If you are planning to sell your house: You should definitely get a CCTV inspection done before putting it up for sale. Detecting problems early enough may save you from future expensive repairs and the bad reputation of your property in the neighbourhood. Another important aspect is that having a video record of sewer line conditions could be crucial evidence when the time comes to put up a claim against a warranty or insurance company.
The best reason for it is if you already suspect something wrong with your sewer lines, wish to avoid unpleasant surprises in near future, or if somebody else is paying for it. Most people think that getting a drain survey done will actually help them reduce the cost of avoiding damage to their sewer lines, but this might not necessarily be true. Most insurance companies do not pay for any repairs done without having valid proof like CCTV records to back their claims. Also, if you are planning to sell your property it's always good to let the potential buyers know about problems with sewer lines before they move in; this gives them enough time to make alternate arrangements and reduces chances of future legal conflicts over damages caused by faulty sewer pipes.
FAQ About Drain Surveys
Many people ask what exactly goes into conducting a drain survey, so here are some standard questions that we receive regularly with their answers:
Q: How long does it take to carry out a drainage survey?
A: Usually one day but can be spread over a few days if your system is very large.
Q: What maintenance should I expect after a drain survey?
A: We will provide you with a free maintenance schedule designed specifically for your system, this includes recommendations on how often each area should be cleaned and what cleaning products should be used.
Q: How much does a drain survey cost?
A: The cost of drain surveys varies depending on how deep into the drain system the camera has to go and what other problems might be found. It may be cheaper for you than meeting the costs of excavating up to the manhole to take a look. Also taken into account are the size of the drainage system in question, how complex and the length of the drainage system. Fees are charged per 100m of sewer or surface water drains/pipework that requires to be surveyed from the manhole cover located at our access point. We also charge extra for carrying out work inside manholes i.e., jetting, CCTV surveys, etc.
Q: Who is qualified to carry out a drain survey?
A: Our technicians are all fully qualified, experienced and employ the latest technology available to ensure your system is surveyed correctly. They hold NDT level 3 certificates for assessing defects in concrete construction of pipelines as required by current UK standards BS EN 1433-3, they are also quality assured to work on potable water systems within drinking water treatment plants under BS 8666.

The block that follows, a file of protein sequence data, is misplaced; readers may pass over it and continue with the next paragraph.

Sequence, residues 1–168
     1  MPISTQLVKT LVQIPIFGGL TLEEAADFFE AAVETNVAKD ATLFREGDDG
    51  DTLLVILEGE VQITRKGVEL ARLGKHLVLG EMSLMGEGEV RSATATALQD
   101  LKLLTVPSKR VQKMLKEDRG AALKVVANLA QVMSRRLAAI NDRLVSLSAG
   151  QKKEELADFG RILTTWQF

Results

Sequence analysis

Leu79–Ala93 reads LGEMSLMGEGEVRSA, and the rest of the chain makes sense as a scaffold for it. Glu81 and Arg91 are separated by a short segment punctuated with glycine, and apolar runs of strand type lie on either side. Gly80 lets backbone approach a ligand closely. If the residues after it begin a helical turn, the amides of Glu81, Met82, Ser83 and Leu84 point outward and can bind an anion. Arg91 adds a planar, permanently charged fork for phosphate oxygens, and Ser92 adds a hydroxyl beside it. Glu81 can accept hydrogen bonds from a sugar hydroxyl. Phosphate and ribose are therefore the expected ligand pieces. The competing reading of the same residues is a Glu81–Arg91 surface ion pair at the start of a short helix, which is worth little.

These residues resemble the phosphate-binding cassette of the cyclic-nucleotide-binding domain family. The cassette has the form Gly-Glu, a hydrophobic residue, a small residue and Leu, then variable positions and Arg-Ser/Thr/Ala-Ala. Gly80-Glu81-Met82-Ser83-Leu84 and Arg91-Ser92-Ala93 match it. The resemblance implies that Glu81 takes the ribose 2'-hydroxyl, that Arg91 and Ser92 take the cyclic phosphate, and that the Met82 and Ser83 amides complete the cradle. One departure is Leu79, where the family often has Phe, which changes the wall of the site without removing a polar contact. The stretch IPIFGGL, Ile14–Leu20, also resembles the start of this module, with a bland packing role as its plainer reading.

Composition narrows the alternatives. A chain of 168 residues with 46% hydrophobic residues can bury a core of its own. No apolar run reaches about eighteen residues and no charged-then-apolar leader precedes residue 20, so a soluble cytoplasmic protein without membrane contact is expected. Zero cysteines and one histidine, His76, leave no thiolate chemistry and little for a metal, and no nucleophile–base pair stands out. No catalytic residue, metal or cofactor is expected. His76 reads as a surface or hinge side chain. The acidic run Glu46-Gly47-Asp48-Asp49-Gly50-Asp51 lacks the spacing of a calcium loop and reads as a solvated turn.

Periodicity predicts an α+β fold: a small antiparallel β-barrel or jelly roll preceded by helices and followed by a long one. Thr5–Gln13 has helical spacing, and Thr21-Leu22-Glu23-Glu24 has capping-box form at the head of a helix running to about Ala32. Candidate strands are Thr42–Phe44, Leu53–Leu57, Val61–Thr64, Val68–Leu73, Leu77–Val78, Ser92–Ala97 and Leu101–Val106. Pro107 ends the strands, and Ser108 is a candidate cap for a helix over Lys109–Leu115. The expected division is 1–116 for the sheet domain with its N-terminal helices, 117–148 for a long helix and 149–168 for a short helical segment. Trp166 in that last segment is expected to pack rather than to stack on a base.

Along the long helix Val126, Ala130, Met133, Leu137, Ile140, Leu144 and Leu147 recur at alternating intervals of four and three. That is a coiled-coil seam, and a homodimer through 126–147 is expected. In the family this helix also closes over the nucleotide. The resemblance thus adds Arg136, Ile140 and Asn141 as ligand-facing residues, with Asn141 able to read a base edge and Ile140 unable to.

What does a CCTV drainage survey show?
A CCTV drain survey will be performed by a drain inspector who will use the camera facility on the van to inspect your drains from manhole or inspection chambers located in your road/pavement/driveway - usually near the footpath gully trap. They will look for problems such as blockages, root invasion, and defects within the pipe itself, also noting any obvious damage to the visual elements of the infrastructure e.g. damage to brickwork, cracks in asphalt or paving slabs, etc. The location of any defects they find is logged so this can be used as evidence if needed later on. If a sewer is having problems the inspector may run the camera down into it from more than one manhole to find its endpoint and determine whether water infiltration is coming from another source e.g. from a roof or a leaking side drain.
A video report of your drains will be made which you can view at the van on a laptop, tablet, or smartphone if they have an internet connection available - usually they do not as this will require downloading large amounts of data quickly, and often there isn't time for this before their next job. You can also opt to take away a USB drive with all these files that would include any pictures etc that were taken along with notes about what was seen in each shot, how deep it was etc.
The notes are pretty comprehensive having been written up by an experienced operative using his own words, or very close to it. They are not transcripts though so don't expect him to say every little thing that's recorded in the camera shots. If you would like something done differently then please let your contractor know.
You will be asked if you want the pipe mapped on the video report - this means that they draw over all of the images (which can mean there is some duplication) and show where each one was taken along with what's seen on screen. This makes it much easier to understand especially for anyone who isn't used to reading CCTV drainage reports!
If there is something that needs additional clarification from the operative, they will do their best to get this clarified for you and add it to the notes section. For instance, often they may not be able to tell what's causing a problem without some further investigation (especially if it was installed by another company). If this is the case then they will highlight this in their opinion.
S.O.S PLUMBING & HEATING